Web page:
1. Ensuring an enriching and meaningful intellectual university life for students

In the aftermath of Rohith Vemula’s institutional murder, the academic difficulties faced by Dalit students across the country have come into sharp focus. Amongst these are many general issues: withdrawal/stoppage of fellowship, delay in allotment of supervisor and release of fellowships, hostel difficulties, but all of which have especially disastrous consequences for SC/ST students. Obviously, these malpractices have to be eliminated for the benefit of all students, but sensitivity to the special circumstances of Dalit students in all these is absolutely necessary, because most of these students shoulder more than just the economic burden of themselves alone.

One oft-mentioned problem in the various articles that have appeared is Dalit students’ own comments about how many feel academically ill-equipped in the central universities. JNU has several schemes for this, such as the linguistic empowerment cell for teaching English, and the personalised tutoring system, but the chief problem is that there is no substantive involvement of the students themselves in framing the manner and content of the delivery of these schemes or in a periodic evaluation of these schemes. In fact, we do not even know that these schemes are working. This has to change at once, and can only do so, if we make the first step to be one of information gathering about the range of academic difficulties that SC/ST students face as well as the effect that these schemes have had.

A second oft-mentioned issue is that of ‘keeping up’, where previous education has been of a poor quality and caste discrimination a persistent impediment. It is certainly a possibility within the JNU system to think of a slow-track BA and MA as the ordinances allow for two semesters extra. Rather than extending this option only when the student fails a course, an amendment that allows the student to slow-track through the degree is something worth exploring. Many issues will of course arise vis-a-vis curriculum and syllabus design, but they CAN be dealt with. Most importantly, slow track degrees for SC/ST students must be with full scholarship and hostel degrees. For the M.Phil., which does not allow any extension, there are two options — one obviously to extend the duration of the degree itself, and the other to think of introducing a “taught M.Phil” programme, where in lieu of a dissertation, there is coursework for four semesters.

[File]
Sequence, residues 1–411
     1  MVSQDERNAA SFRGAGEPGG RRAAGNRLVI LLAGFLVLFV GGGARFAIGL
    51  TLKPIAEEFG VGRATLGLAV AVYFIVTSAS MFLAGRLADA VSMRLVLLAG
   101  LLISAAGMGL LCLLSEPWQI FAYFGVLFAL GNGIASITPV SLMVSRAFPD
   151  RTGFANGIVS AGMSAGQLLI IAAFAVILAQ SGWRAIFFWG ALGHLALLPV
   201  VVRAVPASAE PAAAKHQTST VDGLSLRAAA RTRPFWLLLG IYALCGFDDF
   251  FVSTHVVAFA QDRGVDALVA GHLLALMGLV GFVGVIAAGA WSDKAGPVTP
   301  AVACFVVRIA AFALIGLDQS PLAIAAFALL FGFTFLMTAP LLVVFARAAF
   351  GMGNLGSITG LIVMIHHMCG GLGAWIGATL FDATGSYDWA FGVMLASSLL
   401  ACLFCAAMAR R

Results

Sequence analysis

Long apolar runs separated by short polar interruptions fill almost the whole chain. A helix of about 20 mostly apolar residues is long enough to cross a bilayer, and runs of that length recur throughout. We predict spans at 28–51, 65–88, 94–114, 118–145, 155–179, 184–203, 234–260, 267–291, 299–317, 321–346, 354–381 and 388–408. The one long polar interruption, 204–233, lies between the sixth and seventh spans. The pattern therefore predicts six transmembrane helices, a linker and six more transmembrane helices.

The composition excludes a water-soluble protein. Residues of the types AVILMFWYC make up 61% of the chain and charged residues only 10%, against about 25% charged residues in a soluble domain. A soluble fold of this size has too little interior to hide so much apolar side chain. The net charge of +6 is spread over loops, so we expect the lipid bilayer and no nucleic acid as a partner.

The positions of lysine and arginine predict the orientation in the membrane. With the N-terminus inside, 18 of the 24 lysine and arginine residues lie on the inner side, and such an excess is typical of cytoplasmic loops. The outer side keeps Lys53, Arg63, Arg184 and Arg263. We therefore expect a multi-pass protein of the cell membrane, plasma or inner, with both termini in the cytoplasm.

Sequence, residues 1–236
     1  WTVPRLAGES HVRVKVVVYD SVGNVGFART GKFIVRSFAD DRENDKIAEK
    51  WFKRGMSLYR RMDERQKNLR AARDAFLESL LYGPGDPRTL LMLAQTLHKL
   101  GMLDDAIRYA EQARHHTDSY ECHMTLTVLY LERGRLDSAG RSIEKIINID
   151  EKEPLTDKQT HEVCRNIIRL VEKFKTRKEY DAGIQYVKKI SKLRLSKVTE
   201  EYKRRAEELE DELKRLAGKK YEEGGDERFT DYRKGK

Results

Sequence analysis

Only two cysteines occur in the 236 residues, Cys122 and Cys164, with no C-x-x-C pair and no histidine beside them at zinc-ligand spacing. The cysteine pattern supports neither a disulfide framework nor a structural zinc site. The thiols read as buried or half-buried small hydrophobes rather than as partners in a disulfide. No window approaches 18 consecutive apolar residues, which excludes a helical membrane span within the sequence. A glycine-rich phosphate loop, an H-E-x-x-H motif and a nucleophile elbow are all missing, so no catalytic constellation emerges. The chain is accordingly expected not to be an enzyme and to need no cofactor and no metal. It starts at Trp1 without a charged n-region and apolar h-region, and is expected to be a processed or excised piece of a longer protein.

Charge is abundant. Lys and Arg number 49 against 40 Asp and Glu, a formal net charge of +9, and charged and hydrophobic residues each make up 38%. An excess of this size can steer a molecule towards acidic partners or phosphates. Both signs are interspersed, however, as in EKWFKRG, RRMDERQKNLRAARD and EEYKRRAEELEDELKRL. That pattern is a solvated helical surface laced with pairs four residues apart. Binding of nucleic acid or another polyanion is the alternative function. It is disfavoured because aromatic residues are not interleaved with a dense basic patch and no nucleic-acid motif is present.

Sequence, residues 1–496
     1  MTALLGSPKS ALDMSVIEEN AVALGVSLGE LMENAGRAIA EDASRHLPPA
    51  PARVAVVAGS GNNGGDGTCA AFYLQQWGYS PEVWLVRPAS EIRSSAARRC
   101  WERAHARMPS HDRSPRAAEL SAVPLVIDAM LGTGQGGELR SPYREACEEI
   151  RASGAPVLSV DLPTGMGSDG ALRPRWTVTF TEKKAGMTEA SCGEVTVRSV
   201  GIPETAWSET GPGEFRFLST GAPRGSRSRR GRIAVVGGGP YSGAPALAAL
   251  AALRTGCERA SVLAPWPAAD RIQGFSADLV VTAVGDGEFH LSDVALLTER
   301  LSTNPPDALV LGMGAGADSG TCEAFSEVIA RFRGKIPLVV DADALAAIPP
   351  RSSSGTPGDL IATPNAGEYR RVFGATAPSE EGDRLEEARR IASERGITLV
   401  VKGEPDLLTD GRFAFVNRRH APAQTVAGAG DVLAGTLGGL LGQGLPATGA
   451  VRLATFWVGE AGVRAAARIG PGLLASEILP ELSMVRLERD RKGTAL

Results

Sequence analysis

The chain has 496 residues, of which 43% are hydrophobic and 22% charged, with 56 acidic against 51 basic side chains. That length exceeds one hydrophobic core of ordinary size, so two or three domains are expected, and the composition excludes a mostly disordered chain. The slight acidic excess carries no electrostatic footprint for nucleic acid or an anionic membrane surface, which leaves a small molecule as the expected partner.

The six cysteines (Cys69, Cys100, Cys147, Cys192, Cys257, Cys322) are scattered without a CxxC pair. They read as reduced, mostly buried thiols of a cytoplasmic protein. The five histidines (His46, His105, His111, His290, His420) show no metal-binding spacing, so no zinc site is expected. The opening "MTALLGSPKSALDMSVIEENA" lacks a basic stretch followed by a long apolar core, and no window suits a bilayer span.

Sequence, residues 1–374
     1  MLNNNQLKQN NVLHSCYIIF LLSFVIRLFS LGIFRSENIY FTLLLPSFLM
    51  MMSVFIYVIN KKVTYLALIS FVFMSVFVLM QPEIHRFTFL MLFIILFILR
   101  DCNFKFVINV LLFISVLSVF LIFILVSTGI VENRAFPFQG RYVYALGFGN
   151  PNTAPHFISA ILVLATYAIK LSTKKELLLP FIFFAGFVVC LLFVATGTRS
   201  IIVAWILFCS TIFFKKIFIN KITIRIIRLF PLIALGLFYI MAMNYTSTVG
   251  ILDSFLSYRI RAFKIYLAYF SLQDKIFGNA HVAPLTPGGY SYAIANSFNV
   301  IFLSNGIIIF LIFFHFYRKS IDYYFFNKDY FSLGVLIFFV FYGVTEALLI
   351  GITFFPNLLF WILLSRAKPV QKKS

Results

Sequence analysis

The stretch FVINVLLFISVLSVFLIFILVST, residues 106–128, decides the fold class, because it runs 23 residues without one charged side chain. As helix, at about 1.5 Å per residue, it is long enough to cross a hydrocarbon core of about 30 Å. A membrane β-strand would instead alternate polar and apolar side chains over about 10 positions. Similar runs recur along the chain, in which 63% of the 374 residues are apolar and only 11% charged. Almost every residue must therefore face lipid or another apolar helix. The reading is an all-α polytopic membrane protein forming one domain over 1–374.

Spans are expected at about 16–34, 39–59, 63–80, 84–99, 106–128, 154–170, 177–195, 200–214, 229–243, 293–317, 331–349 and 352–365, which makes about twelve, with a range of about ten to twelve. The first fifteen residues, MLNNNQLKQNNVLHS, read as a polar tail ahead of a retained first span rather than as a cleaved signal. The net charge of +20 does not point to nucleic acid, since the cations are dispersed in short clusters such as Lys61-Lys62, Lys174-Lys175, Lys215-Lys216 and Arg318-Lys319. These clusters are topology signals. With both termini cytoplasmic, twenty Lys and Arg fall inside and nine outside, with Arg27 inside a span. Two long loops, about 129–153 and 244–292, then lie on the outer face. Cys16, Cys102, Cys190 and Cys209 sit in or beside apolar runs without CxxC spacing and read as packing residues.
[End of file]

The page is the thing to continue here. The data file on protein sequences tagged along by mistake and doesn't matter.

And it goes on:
The thorniest knot of all, however is to create a system of evaluation in course-work that is sensitive to the facts of historical educational and derivational disadvantage. The current metric teachers use asks them to evaluate students only on the basis of responses to questions and leaves their histories and biographies out of the picture. Typically, SC/ST students do not do as well as they could in the beginning, and doing badly contributes to a feeling of alienation and a loss of confidence. How can such sensitivity be built in, just as we build it into the entrance examination system by deprivation points? Should we extend this system into evaluation for coursework? In a system where even declaring a grading policy per course is not standardly implemented across Centres, how can deprivation points be added on top of scores? How long should deprivation points survive after admission is given? These are just some of the questions that need collective meditation.

  1. Ensuring a working and living atmosphere that is free of caste discrimination.

Speaking as a person who has caste and class privilege, I do not understand the exact nature of caste discrimination on the campus, although I have seen glimpses of it, particularly in the responses of students and workers when they are victims of sexual harassment. I will not however arrogate to myself the right to speak about their experiences, but rather focus on why restructuring the Equal Opportunities Office to a GSCASH like committee is the best way to tackle not only instances of caste discrimination but also ensuring equity of access and substantive quality. This is not to say of course that caste discrimination is identical to gender discrimination, but rather that the relative success we have had with one may be used as a motivation to trying the same method to define, analyze, and tackle a different problem.